Don’t be fooled by the roaring tigers on the cover of Tomás Q. Morín’s latest book of poetry, Machete. They aren’t ferocious; they won’t devour you and spit out your bones. Morín’s craft is more playful and tender than that. His poems about fatherhood will rest on your heart like a giant paw, and his use of circus imagery is more likely to conjure up a tiger jumping through a flaming hoop than attacking. Machete’s overarching themes spark and crackle throughout, as he tackles parenthood, pandemic life, identity, racism, and apocalyptic doom. “Our country is a circus tent,” Morín writes. Each day warps like a funhouse mirror.
Machete is Morín’s third book of poetry. He caught the poetry bug while pursuing a Ph.D. in Hispanic and Italian Studies at Johns Hopkins University. In a moment of boldness, Morín sent Philip Levine, a favorite poet, some of his writing. Levine’s reply was encouraging enough that Morín decided to earn a master’s degree instead, turning his attention to crafting poems for his first book, A Larger Country, which won the APR/Honickman First Book Prize. Morín currently serves as an assistant professor in creative writing at Rice University. He also works as a literary translator, most notably translating Pablo Neruda’s The Heights of Macchu Picchu.
Machete highlights Morín’s versatility as a poet who fuses both content and form. His persona poems, dramatic monologues spoken through the voice of characters and objects, are imaginative with a foreboding edge. In “Duct Tape,” Morín allows the toolbox staple the chance to speak. The tape announces how its role had changed from patching holes in jeans to holding together a sign that says, “The End is Near.”
“Santana and Machete in Outer Space” is more visceral and erotic. This poem is in the voice of Santana Rivera, a character played by Jessica Alba in Machete, the grindhouse movie series directed by Robert Rodriguez and Ethan Maniquis, starring Danny Trejo. Santana hails the toughness of the film’s lead, Machete (Trejo), a former Mexican Federale with a faded chest tattoo and a leather trench coat lined with machetes and knives. Trejo is a hired assassin, who’s set up after he receives a job to take out an anti-immigrant Texas politician. While I could see how the poem relates to the title of the collection, I’ll admit having not seen the film, I was lost trying to ascertain the plot and character dynamics.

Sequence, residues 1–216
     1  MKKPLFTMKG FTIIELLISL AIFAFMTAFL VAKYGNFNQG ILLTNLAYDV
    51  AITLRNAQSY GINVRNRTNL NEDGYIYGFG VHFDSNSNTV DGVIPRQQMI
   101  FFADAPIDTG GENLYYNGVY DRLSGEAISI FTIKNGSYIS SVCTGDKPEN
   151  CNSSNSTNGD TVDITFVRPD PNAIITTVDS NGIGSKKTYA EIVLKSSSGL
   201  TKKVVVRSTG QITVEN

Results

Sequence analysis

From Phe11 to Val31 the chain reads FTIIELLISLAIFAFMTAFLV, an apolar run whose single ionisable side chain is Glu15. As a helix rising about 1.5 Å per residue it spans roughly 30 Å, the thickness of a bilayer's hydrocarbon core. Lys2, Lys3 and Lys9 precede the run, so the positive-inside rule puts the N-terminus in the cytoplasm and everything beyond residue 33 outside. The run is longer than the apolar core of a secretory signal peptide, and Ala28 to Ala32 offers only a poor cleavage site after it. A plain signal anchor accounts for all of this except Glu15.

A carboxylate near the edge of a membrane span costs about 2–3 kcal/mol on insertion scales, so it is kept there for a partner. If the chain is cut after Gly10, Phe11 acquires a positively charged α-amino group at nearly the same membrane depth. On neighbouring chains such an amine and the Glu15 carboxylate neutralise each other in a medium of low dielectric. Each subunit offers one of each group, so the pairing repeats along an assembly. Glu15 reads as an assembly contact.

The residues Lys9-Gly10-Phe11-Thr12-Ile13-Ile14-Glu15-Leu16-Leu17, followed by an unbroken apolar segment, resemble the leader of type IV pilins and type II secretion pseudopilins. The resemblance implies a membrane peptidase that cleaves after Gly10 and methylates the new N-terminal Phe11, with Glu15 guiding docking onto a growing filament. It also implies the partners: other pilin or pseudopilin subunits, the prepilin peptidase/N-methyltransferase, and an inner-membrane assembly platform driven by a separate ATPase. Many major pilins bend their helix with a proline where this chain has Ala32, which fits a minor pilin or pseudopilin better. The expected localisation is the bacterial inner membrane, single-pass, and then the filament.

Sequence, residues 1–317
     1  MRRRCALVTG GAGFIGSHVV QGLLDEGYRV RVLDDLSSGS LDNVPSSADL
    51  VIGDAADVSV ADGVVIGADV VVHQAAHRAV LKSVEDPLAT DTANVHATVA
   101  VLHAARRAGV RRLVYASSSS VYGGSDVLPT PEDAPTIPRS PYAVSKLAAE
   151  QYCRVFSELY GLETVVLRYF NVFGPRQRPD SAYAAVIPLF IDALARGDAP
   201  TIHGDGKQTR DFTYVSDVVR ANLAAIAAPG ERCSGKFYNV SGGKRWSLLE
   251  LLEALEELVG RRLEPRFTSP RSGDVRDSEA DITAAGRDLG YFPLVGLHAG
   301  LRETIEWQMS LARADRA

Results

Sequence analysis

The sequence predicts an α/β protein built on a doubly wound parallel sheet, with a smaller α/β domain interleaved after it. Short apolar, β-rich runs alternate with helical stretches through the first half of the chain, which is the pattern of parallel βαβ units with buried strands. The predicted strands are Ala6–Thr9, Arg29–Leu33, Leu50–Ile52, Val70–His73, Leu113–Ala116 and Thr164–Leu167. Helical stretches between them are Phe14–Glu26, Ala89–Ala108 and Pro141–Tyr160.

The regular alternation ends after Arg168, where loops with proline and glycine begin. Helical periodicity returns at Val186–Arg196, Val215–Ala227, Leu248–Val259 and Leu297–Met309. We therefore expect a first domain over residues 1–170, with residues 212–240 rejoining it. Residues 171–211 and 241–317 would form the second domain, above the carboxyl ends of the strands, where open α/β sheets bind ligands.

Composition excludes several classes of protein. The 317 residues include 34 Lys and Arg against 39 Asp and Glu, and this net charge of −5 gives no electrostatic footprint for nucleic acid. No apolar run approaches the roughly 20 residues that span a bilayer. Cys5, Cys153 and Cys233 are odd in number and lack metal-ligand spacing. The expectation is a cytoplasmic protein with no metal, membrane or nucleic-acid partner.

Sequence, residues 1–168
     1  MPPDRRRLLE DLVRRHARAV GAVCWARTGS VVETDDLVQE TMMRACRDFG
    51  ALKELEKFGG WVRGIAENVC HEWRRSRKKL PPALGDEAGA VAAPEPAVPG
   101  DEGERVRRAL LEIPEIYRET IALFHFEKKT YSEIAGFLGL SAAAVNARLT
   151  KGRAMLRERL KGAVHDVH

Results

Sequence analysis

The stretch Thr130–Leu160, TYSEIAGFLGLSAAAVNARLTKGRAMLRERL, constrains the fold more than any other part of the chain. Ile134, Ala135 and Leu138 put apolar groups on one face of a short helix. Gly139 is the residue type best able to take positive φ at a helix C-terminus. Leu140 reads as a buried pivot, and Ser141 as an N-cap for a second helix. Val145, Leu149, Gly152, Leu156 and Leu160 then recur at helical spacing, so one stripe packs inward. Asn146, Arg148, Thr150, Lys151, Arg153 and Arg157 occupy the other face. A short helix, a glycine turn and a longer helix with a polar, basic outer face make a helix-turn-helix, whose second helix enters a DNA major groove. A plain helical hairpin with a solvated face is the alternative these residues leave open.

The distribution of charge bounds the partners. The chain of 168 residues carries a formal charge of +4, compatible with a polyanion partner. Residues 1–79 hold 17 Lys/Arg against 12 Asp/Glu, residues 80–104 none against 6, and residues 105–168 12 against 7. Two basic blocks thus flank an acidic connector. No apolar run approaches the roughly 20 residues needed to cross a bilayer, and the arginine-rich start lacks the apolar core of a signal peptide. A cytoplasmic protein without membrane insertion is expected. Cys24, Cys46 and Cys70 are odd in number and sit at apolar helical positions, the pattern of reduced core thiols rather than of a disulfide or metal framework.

Another poem, “Whiteface,” takes the shape of a list, providing 98 ways to stay alive during a traffic stop. The poem asks questions such as “What if next time we painted our faces white? / Like a happy clown.” In an alternate world, white face paint wouldn’t just dupe cops into letting a car of brown teenagers go; it would also protect them from being pulled over in the first place. Morín writes of all people of color: “This person has the right to remain breathing.”
In his poems about fatherhood, Morín emerges as the hero of Machete. These poems fuse arts and culture and domestic life, when the pandemic, as Morín writes, had turned the world “into a pineapple upside-down cake.”
In “Two Dolphins,” the poet stays up with his infant son to allow his wife to rest. He sits on an exercise ball, formally used for “tightening my abs” and bounces to comfort the baby, who “brushes my nipple / and pinches it.” He offers his son a pacifier:
“and he gets to work,
his little fingers
kneading my chest
—my son the poet
out of my body.
I would rush out to buy a copy of Machete just to have a poem like “Two Dolphins” on hand. Not only was I captivated by the sheer beauty and dexterity of the poem but I was struck by how rare it is to come across poems about fatherhood. “Two Dolphins” and “Vallejo” are remarkable for how much depth they convey about being a dad. In these poems, the poet-speaker is the hero, the protector, the maladroit dad, learning to burp a newborn.
The limberness of “Two Dolphins” and “Vallejo” makes me eager to read Morín’s forthcoming memoir, Let Me Count the Ways (March 2022), which explores his relationship with his father, surrogate father, and grandfather.
If Morín wields language like a machete, it’s to slash through ignorance, to clear a path for strollering his children onto a sidewalk, safe from traffic. Less interested in violence, Morín threads love and protection into the narrative of a mother, who worries about her son stepping foot inside a car, between the film characters and lovers Santana and Machete, between a poet and his baby boy. Deep in the Dantesque woods of our era, it makes sense to carve out space for love.
Or, as Morín writes, “And if nothing will free us from death, at least love will save us from life.”